Debt Specialists Collaborating To Reduce New Zealanders’ Personal Debt
The Debtfix crew launched with a positive start to 2021, initiating a collaborative hui at Warkworth with major stakeholders who work to reduce New Zealanders’ personal debt.
Debtfix co-founder, Christine Liggins invited the groups to Warkworth to share knowledge and improve delegates’ understanding of the debt solutions each organisation offers.
“The more we know about one another, the better the outcomes for people who are struggling financially,” she says.
“We can all refer people to the best organisation and when it seems like there may not be any hope for a person’s debt problems – we know another provider may have a service that will help them.”
Representatives from FinCap and the Ministry of Social Development joined Debtfix and Christians Against Poverty – both recently approved for government funding to strengthen existing debt solution services.
Mrs Liggins outlined Shipshape, a new debt solution like some used overseas but it has been co-designed by Debtfix and primary lenders with a unique New Zealand structure that has client well-being at its heart.
Shipshape is in its pilot phase and Debtfix envisages lenders will support it because it will improve the amount of debt they recover in contrast to returns achieved by debt collectors.
Delegates from Ngā Tāngata Microfinance and Good Loans facilitated discussions about challenges New Zealanders encounter when living on low incomes.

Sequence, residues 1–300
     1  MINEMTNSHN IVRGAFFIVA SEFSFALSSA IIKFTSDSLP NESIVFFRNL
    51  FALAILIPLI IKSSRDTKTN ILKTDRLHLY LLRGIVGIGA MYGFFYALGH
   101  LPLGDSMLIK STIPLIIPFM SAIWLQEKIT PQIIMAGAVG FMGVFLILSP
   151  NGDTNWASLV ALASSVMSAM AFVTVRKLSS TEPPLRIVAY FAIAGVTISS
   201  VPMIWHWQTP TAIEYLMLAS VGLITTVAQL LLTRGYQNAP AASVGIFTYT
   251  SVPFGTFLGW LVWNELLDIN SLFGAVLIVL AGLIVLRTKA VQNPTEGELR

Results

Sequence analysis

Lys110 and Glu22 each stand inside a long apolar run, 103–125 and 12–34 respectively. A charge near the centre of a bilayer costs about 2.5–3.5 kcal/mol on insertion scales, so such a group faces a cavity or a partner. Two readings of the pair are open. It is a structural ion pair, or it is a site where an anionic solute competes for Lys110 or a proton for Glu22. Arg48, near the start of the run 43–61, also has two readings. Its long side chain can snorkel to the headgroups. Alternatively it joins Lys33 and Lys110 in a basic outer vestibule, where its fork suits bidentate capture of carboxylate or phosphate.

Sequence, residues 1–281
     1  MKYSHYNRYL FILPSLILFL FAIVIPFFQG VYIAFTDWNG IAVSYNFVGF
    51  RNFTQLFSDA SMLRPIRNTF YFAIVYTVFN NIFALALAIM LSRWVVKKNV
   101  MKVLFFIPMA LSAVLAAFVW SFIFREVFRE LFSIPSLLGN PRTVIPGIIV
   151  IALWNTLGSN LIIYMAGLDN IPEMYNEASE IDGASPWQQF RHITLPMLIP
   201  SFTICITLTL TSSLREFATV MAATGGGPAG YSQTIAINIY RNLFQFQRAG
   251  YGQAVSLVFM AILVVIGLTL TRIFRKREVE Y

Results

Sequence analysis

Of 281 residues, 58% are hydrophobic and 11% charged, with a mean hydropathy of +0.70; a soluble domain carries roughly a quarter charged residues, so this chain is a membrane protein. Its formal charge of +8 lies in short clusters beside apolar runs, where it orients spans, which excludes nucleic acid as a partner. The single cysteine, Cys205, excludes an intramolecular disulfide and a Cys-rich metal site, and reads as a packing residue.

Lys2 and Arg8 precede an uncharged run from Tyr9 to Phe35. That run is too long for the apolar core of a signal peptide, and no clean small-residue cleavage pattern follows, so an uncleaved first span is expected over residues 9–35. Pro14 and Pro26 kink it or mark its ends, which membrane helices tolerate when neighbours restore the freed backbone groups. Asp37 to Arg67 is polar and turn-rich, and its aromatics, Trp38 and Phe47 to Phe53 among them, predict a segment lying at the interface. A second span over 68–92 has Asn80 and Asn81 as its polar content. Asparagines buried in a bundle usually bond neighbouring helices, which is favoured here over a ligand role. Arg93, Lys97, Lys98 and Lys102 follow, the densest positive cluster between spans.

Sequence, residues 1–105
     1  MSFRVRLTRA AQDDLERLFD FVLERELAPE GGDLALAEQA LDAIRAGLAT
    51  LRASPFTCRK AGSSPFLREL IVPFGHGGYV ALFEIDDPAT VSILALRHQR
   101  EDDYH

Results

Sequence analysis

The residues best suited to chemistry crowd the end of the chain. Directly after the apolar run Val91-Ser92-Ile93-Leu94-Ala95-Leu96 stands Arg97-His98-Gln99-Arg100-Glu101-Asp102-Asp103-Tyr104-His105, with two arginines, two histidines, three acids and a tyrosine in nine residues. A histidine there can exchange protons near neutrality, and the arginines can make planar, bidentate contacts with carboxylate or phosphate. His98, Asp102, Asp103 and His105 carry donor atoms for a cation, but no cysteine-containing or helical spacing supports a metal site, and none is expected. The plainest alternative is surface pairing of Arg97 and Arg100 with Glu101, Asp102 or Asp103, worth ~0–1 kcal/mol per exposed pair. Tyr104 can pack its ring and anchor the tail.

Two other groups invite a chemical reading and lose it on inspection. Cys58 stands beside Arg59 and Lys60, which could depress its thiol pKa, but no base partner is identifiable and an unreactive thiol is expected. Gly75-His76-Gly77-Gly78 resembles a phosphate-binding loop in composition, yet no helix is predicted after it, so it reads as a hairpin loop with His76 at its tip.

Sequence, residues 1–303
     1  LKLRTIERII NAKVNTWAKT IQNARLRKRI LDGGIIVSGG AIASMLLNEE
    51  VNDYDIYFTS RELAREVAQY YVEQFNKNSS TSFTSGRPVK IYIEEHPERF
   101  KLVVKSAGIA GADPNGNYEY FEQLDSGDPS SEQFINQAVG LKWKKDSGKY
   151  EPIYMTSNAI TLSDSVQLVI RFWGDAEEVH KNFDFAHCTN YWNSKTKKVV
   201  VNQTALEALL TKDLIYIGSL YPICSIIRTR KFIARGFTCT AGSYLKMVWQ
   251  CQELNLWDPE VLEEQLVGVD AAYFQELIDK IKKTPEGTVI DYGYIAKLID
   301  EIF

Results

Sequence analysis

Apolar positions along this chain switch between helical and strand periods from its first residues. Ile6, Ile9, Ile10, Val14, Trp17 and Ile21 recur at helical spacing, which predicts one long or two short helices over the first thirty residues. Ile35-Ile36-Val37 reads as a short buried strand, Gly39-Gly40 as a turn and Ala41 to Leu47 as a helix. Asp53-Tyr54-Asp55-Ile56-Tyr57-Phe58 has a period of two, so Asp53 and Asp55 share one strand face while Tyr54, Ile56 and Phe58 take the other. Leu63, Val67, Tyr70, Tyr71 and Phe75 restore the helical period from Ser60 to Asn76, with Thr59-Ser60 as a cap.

These charitable lenders provide fair and affordable, no and low interest loans to get people out of high interest debt and on track to improved financial well-being.
Linda McCallum from Ngā Tāngata described an anecdotal situation of a person taking a high interest loan to buy an old car, which invariably breaks down.
They borrow more money for the repairs and become trapped in a debt cycle with a costly and unreliable vehicle that could hinder their earning ability.
Political representatives were invited and Chris Penk, National Party MP for Kaipara ki Mahurangi attended.
He says he was humbled by the stories from the high calibre people working to improve the lives of vulnerable New Zealanders – motivated simply by aroha and kindness.
He noted the insolvency law reforms that were discussed during the hui and plans to research them further.
The Ministry of Innovation Business and Employment has pushed out the next round of proposed law changes needed to make lenders more responsible from April to October 1, 2021.
The proposed changes will give borrowers greater protection, prevent them from being confused and give the Commerce Commission greater power to keep high interest lenders inline.
Mr Penk says he was aware of some of the issues facing New Zealanders with high levels of personal debt, but the hui revealed how quickly problems can snowball for people with a low income.
All Debtfix staff members attended and Mrs Liggins says the positive feedback has encouraged her to arrange on-going collaborative hui.